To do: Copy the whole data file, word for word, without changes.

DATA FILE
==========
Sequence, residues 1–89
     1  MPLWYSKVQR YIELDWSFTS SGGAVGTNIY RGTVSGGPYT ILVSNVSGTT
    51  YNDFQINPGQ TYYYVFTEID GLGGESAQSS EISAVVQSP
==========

Sequence, residues 1–89
     1  MPLWYSKVQR YIELDWSFTS SGGAVGTNIY RGTVSGGPYT ILVSNVSGTT
    51  YNDFQINPGQ TYYYVFTEID GLGGESAQSS EISAVVQSP